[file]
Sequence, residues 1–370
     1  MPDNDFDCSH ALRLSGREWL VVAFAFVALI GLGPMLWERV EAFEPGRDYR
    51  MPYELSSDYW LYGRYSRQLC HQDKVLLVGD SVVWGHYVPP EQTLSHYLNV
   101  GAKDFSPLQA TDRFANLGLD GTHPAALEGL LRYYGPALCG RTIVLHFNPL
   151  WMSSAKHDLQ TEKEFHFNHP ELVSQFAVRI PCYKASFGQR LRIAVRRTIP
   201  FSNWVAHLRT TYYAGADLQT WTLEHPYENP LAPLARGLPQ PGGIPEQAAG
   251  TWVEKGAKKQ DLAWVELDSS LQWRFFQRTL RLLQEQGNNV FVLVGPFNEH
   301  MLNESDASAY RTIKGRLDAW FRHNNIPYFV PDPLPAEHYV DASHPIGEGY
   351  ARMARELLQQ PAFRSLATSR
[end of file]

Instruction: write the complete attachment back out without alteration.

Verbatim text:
Sequence, residues 1–370
     1  MPDNDFDCSH ALRLSGREWL VVAFAFVALI GLGPMLWERV EAFEPGRDYR
    51  MPYELSSDYW LYGRYSRQLC HQDKVLLVGD SVVWGHYVPP EQTLSHYLNV
   101  GAKDFSPLQA TDRFANLGLD GTHPAALEGL LRYYGPALCG RTIVLHFNPL
   151  WMSSAKHDLQ TEKEFHFNHP ELVSQFAVRI PCYKASFGQR LRIAVRRTIP
   201  FSNWVAHLRT TYYAGADLQT WTLEHPYENP LAPLARGLPQ PGGIPEQAAG
   251  TWVEKGAKKQ DLAWVELDSS LQWRFFQRTL RLLQEQGNNV FVLVGPFNEH
   301  MLNESDASAY RTIKGRLDAW FRHNNIPYFV PDPLPAEHYV DASHPIGEGY
   351  ARMARELLQQ PAFRSLATSR